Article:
Sales of game meat are expected to grow at an average annual rate of 8.2 per cent over the next five years, according to Verdict Research.
The growth rate for this food type is set to increase at a faster rate than overall meat category during this time.
Between 2005 and this year, retail sales of game meat in the UK have grown from a value of £57 million to an expected £91.6 million.
This equates to growth of more than 60 per cent in this time, compared to 41 per cent in the overall meat category.
Neil Saunders, Consulting Director at Verdict, said: “Game meat ticks many of the right boxes – it’s relatively healthy, good value for money and provides a different flavour to standard meats. All things today’s consumer is looking for.”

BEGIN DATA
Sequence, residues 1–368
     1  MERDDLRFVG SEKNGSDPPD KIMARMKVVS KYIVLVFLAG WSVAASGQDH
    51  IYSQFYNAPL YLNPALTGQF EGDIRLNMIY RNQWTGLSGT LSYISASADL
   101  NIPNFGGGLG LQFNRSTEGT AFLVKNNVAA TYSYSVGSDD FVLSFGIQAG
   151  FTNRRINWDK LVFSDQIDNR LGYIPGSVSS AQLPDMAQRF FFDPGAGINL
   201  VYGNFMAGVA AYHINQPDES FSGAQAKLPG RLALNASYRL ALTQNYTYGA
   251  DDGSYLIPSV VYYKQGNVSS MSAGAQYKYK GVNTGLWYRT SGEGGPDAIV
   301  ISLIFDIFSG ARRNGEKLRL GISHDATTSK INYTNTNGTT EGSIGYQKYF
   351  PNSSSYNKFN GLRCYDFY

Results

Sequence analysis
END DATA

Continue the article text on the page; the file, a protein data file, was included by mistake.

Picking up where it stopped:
Verdict says that many retailers have expanded their game ranges with products like venision burgers and game sausages in the past few years, reflecting this upturn in consumer demand.
However, it adds there that the major supermarkets in the UK still have a relatively limited stock of these goods.
The analysis comes on August 12th, the day the Red Grouse Shooting Season traditionally gets underway.
An independent report researched and produced by economists at the Fraser of Allander Institute at Strathclyde University, commissioned by the Game & Wildlife Conservation Trust, shows that red grouse shooting has contributed tens of millions of pounds to the Scottish economy in the last ten years.